Too Fussy

Poetry by Rhys Hughes


It’s hell
to be a fussy
William Tell.
He refuses to aim
his crossbow
at the apple
unless it’s peeled.
   But how does one
       peel a crossbow?


Robin Hood
has a slightly strange quirk.
He could rob a bank
instead of travellers
if he chose to
and many would thank
him for that.
Yet banks didn’t exist
back then:
he would have to
establish one himself
in order to raid it
but he’s afraid of paperwork.


His tailor was a failure
and it drove Sinbad mad
that the colourful robes
he ordered to be made
tended to fade when exposed
to just a little salt spray.
“How can I have adventures
in pastel clothes? I want
to wear bolder shades
when I go looking for gold
and gems!” he muttered.
His tailor only smiled in reply
but when Sinbad’s back
was turned, he returned to his
original shape. He was a
gigantic genial green genie.


Suits of armour
rather do chafe
but they keep you safe
from the bullets
of the Law. If you are poor
and truly believe you need
to rob banks to feed
yourself then taking precautions
is a lot less awful than
being shot into small portions.


Daniel Boone needed more room
so he went westward
until he came to Kentucky
where he was lucky
to survive all the various dangers.
Easily bored and
a man of few words
he rarely spoke to his friends
but often said howdy to strangers.


He had magic powers
but no pockets on his trousers
So he kept his keys
strapped to his knees with a bowstring.
That was a clever thing
to do because if he was attacked
he simply bent a leg
and shot one of those iron objects
with serrated teeth
into the locks of their shocked looks.
Sometimes a key
ended up in an assassin’s mouth
and unfastened his tongue
and it wasn’t much fun
for that very bad man.


On the pampas
he was hampered
by fate when
he filled a hamper
with picnic foods
but forgot to bring a knife
to cut the bread
and cheese. Sitting
down with a deep frown
and trying to tease
meaning from political
debates while chewing
vast sandwiches
with the local cowboys.
   Gaucho Marx!


He was a bushwhacker
in his youth and the bushes
plotted to whack him back
eventually. And they did
but not with a literal club
when he hid in thorny scrub
one prickly dangerous day.


His beard is a goatee.
His horse is a bag of bones.
He has no home.
His servant, Sancho Panza,
acts like a panda,
slow and plodding, chewing
often. While he,
chivalrous in a haphazard
frivolous manner,
never clamours for dinner
but only demands
noble and gallant repartee.


A cunning thief and trickster
he once took a leaf
out of his own book and refused
to give it back. Into a sack
of looted treasure it went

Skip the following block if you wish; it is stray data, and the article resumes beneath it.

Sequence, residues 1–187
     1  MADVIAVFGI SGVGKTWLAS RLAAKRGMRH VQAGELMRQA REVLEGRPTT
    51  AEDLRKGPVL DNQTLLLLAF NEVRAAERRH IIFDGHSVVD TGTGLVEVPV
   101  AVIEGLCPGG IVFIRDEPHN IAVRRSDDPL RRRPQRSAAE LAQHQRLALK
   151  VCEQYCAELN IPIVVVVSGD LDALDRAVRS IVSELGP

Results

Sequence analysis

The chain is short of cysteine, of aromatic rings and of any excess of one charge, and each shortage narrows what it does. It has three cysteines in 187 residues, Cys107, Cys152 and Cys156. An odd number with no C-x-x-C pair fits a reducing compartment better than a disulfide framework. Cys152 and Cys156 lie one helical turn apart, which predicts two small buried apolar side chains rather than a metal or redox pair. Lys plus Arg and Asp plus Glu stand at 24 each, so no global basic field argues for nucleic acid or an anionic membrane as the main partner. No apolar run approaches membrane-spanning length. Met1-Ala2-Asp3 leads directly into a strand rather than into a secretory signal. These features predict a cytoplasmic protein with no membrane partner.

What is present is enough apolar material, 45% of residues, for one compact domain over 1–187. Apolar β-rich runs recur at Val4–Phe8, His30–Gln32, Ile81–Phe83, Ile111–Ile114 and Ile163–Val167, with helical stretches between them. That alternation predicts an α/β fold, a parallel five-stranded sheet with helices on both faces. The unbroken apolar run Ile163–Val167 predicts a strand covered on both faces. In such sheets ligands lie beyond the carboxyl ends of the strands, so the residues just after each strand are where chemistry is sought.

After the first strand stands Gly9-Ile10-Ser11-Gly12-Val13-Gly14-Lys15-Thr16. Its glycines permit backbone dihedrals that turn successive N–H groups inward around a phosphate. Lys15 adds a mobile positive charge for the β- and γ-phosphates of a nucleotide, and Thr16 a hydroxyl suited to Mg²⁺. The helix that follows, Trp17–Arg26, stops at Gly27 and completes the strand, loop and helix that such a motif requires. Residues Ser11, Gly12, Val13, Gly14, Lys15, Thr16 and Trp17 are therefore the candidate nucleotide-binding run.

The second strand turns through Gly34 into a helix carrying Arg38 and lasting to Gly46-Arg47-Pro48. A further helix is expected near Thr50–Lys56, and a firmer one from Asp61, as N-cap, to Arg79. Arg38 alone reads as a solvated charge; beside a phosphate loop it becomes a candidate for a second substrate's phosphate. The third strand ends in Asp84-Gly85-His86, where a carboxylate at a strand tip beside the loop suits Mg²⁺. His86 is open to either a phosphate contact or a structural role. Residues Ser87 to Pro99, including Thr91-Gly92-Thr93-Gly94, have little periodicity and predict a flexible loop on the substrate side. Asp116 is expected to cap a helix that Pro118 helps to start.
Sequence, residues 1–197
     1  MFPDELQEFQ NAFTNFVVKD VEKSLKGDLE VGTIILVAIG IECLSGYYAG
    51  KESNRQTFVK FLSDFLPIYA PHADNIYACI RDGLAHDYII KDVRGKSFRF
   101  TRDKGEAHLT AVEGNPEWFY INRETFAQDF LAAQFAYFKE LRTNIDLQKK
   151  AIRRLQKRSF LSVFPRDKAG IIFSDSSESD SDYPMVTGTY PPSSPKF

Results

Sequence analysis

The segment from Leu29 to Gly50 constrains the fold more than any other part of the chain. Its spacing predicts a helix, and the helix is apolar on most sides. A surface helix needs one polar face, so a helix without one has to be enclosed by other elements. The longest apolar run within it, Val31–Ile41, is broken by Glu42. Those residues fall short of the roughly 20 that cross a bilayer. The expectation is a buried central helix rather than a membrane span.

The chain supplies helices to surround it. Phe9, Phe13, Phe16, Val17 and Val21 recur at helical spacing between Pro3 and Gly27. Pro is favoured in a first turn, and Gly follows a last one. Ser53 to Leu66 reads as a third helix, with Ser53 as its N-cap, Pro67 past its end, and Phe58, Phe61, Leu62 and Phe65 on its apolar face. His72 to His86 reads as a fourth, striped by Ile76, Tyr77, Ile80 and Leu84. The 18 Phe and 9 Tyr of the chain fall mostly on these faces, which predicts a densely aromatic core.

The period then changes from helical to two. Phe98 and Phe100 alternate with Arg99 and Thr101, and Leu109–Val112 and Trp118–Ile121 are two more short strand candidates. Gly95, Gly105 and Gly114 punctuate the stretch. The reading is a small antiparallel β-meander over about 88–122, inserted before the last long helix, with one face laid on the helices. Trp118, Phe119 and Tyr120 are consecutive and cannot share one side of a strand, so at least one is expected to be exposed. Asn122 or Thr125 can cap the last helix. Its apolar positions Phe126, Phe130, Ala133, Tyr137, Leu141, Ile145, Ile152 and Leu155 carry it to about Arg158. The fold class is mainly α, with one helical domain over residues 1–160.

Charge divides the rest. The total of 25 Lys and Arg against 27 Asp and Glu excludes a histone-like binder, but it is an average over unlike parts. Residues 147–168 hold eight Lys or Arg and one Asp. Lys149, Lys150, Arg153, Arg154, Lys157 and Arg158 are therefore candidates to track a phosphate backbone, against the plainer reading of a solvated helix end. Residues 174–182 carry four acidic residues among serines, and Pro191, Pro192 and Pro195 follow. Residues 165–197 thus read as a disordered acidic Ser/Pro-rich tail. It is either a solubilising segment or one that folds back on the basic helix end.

while he went into hiding
in the hills near Rhandirmwyn.
Those cursed heights!
Whether or not he read
the words on that stolen page
or not matters not a jot.
Our concise advice is the worst.


Why is that pirate yawning?
Doesn’t he know
that the golden age
of salty rogues is dawning?
He will do well
come hell or high water
and never give quarter
if he wakes up
in parallel with the zeitgeist,
ropes all spliced
so his sails won’t fail
but billow large and not nice
like a poltergeist
wrapped in the sheets
of a foamy sea. Wait and see!


I don’t want these cakes!
I don’t want this wine!
You might say I’m fussy
but I know my own mind.
I won’t dispute in this room
that Rasputin is doomed
but right now I feel fine.
It’s not time to become
just a footnote of mystery
in the annals of history.
No cakes, no wine for me!


The highwayman is hurting
because of a pin
that was concealed within
the bag of coins
offered to him by the hand
of his victim
through the curtain
of a stagecoach window. His
thumb is bleeding
and the carriage is receding
down the rutted road.
He is annoyed
and will take no joy
from the successful robbery
because he is fussy
about injuries at work
and only respects big ones.
That’s his rule
        of ruddy thumb.


It’s time to retire
from revolutionary thrills
and live in the hills
in a cottage or bungalow.
But just in case
you don’t know
fussy Pancho declines
to dwell in any abode
less swell than a villa
in classical mode
well-stocked with wines.


Geronimo is learning
to parachute
from one of the newly
invented aircraft
on the off chance
it will help his cause.
will surely be effective
in future wars.
That’s what he thinks.
But he refuses to jump
out of the plane
unless he is given
a memorable name
to shout as he does so.
Twm Siôn Cati was the equivalent of Robin Hood in Welsh Folklore. Courtesy: Creative Commons

Rhys Hughes has lived in many countries. He graduated as an engineer but currently works as a tutor of mathematics. Since his first book was published in 1995 he has had fifty other books published and his work has been translated into ten languages.



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